The last time I replaced all 4 tires at once was on a Mercury Sable several years ago. Lo and behold, a couple months later the car was giving me non-stop electrical problems so I trade it in and get a measly $1,500 for it (meanwhile the 4 new tires alone had cost half that amount).
The lesson? Think twice before you “invest” money into your older car.
This especially holds true with tires, because they’re such a freakin’ ripoff nowadays. Some junk made in China rubber costs upwards of $600 to $800 for a set of 4.
Or go with a name brand like Bridgestone and you could easily be spending $1,000+ on them.
As if that’s not costly enough, if you apply for their credit card, it may end up costing you a lot more than that if you don’t understand the sketchy way it works.
What does “no interest if paid in full” really mean?
Many people hear the “no interest if paid in full” and are led to believe it means there is no interest for a specified amount of time… not quite.
Contrary to what the sales rep might have told you, these types of financing deals are NOT zero percent. This is how they operate:
- Interest begins accumulating from the first day of your purchase.
- During the promotional period, you won’t see this interest on your Bridgestone credit card statements.
- If you pay off the purchase during the promotional period, the interest will never appear.
- If you DON’T pay it offer during the promo period, then the accrued interest will appear afterward (on the 7th month, if you had a 6 month offer).
See how sneaky that is? If you pay it off in time, it’s all gravy. But if you just make the minimum payments, then you’ll still be stuck paying the finance charges for the entire time.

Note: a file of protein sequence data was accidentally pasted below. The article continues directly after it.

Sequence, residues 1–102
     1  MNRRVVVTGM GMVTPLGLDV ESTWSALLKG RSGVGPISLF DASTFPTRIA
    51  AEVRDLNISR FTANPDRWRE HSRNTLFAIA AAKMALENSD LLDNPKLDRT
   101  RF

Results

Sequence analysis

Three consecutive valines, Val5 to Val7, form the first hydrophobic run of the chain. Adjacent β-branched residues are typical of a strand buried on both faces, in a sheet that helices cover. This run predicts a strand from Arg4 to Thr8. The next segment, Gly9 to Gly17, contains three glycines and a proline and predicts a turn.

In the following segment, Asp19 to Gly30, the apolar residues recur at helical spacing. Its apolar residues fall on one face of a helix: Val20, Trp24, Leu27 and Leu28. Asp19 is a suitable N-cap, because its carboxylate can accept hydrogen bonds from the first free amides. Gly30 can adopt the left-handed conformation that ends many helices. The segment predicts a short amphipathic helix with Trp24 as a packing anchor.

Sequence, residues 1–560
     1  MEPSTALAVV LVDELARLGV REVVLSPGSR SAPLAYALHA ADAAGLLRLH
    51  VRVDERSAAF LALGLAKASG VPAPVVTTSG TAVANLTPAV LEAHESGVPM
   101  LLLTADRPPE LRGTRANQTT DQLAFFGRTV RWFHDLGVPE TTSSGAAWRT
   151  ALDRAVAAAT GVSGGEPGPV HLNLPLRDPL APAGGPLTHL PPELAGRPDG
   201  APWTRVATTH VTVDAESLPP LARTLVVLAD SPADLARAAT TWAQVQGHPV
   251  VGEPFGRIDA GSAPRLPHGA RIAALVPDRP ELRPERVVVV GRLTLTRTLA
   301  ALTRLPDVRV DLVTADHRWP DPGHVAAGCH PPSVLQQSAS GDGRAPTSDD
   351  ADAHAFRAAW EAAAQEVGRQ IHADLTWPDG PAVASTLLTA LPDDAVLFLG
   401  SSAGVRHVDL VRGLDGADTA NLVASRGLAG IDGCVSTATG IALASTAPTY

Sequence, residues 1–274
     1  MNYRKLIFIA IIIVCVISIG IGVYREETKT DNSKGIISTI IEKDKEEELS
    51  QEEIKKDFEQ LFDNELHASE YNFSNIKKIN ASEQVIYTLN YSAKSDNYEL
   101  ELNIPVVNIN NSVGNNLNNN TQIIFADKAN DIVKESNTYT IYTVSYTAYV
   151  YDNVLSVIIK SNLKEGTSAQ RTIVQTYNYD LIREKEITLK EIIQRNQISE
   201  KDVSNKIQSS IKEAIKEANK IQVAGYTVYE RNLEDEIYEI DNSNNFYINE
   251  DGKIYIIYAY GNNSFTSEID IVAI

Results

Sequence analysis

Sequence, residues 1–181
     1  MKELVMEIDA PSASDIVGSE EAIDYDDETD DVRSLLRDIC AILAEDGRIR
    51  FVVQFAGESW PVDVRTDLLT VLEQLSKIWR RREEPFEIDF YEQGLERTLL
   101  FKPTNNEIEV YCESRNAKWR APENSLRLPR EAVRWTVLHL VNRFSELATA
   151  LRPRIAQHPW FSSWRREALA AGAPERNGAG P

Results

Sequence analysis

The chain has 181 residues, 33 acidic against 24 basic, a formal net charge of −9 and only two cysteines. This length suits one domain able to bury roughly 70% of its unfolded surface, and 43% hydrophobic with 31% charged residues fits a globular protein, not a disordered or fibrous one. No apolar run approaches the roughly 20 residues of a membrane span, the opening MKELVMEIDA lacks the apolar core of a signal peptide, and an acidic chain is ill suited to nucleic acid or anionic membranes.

Many customers don’t realize this, because they’re not used to it (and they shouldn’t be, because major banks will never do this – they give a true 0%).
Semi-awful when compared to competitors
As much as this sucks, the credit card from Bridgestone is only semi-awful, in comparison to other tire stores. With this one, you will pay a 22.80% interest rate for 2013 (at least that’s what they listed when I last checked the application).
Is that high? Absolutely. But it’s not as high as the 28.99% that I have seen on competing tire store cards.
I think the reason they get away with the high APR + deferred interest is because often times, someone buying tires didn’t plan for it in advance. So there you are, at the tire store needing to pay, without the spare cash to do so. That’s why these cards stay in business, despite the rotten deal.
If you have the time to plan things out, I would advise you go for bank-issued card instead that doesn’t charge deferred interest. If you already have the Bridgestone card, pay it off as fast as possible or transfer the balance before the 6 months ends.